The House of Representatives committee on Aviation, will today conclude hearing on the purchase of two armoured cars for the aviation minister, Stella Oduah, for N255 million. The hearing was adjourned from yesterday, Wednesday, to allow the aviation minister attend. The minister was expected at the Wednesday hearing but was absent because she was away in Israel for a bilateral air service agreement signing. The highlight of today’s hearing would be the minister’s appearance. Her absence at the hearing yesterday angered many lawmakers who said it would be her last opportunity to be heard. PREMIUM TIMES’ National Assembly correspondent, Ini Ekott, will provide you with updates as they unfold from the hearing room.
Hearing Ends. Thanks for following our updates. Do stick around our site for the rest of the day as we will put the proceeding in their correct perspective for you.
Reps wrapping the hearing. Chairperson Onyejeocha said despite the testimonies from those invited since last week, the committee has received sufficient documents that will inform its report. “We have given everyone fair hearing,” she said.
“We assure everyone and all Nigerians we will do justice”.
Attention has left the minister for more than half an hour. Lawmakers again tackle Coscharis over the disparity in chassis numbers of the cars.
A frustrated Chief Executive of Coscharis, Cosmas Maduka,makes it clear his company has nothing to hide as the committee would think. “We are not doing monkey business here,” he asserted. Mr Maduka was asked to withdraw the comment and he promptly complied.
Jerry Manwe (Member) to minister: If the armoured cars were not for you as you claimed, who is using them now?
Former acting DG answers for minister: Any one can use any car in the pool
Manwe: Do you mean a cleaner can use those kind of cars?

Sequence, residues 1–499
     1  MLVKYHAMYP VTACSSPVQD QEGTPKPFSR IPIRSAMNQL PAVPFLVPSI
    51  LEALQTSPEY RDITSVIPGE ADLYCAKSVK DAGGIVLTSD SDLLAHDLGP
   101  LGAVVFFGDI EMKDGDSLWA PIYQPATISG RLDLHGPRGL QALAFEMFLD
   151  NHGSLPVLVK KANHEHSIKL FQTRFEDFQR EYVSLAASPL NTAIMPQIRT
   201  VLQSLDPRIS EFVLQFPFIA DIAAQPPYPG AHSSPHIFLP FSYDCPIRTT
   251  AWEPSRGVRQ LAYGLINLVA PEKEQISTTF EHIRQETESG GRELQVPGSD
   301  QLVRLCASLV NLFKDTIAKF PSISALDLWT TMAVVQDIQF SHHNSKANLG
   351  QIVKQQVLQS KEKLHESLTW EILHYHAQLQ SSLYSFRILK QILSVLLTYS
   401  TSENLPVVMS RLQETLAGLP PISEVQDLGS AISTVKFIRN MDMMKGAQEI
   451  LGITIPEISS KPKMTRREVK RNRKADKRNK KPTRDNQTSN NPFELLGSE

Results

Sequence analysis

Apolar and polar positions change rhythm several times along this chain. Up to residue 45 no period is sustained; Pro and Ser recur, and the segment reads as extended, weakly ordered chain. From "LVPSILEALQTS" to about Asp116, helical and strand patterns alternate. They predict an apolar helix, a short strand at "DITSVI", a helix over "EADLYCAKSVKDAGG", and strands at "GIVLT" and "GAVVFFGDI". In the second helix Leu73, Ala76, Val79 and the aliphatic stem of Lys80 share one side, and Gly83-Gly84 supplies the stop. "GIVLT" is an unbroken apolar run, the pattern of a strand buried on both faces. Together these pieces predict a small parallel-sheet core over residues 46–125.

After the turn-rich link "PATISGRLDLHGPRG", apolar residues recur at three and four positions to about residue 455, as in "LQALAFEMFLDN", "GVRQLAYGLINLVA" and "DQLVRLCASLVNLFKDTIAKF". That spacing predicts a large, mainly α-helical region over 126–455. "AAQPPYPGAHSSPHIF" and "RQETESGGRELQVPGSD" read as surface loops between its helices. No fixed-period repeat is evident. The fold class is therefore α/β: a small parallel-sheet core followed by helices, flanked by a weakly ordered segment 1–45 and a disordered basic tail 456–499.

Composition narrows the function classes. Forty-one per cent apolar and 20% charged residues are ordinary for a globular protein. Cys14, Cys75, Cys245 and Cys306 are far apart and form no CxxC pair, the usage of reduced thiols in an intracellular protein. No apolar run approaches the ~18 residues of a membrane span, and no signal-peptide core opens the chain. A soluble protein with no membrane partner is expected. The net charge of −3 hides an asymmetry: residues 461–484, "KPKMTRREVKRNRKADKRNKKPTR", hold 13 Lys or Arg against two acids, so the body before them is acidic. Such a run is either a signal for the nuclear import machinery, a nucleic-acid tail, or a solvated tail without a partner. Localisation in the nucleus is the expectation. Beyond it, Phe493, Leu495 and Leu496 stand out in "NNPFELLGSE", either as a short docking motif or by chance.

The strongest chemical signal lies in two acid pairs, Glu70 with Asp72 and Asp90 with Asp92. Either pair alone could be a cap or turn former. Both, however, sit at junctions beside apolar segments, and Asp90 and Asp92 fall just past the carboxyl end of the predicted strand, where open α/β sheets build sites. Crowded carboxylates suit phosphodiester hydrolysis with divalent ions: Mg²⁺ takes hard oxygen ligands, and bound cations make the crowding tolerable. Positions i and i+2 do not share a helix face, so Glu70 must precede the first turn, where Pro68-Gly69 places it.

Former DG: Anybody can use; but those kind of cars are for VIP movement, including foreign dignitaries, including the minister, and even you honourable member!
Manwe; Thank you. But the law of the country does not allow me to use those cars.
Blame briefly leaves the minister to officials of NCAA over “do the needful” directive. For a moment, lawmakers appear to agree with the minister the all-encompassing comment exonerates her. The former acting DG of NCAA is tackled for even initiating a memo to Odua for a purchase out of budget, and beyond approved limit.
Minister insists NCAA did not exceed its limit or violate the law.
She is reminded by by Jerry Manwe (Taraba state) that the National Assembly rejected armoured cars in the budget which she is defending, the minister buckles: “NCAA will answer that,” she says.
Minister is pressed by Zakari Mohammed(Kwara state) why she exceeded her approval limit, she said her comment on the letter to NCAA was not final but advisory to NCAA to follow the law.
On the said letter, the minister wrote “Approved. Do the needful”.
Brief game on semantics here. Minister says “Do the needful” could mean anything”. But the lawmakers are not having that. NCAA is called to explain the “needful” it did. And the NCAA director general shirks to the former acting DG who was in charge then.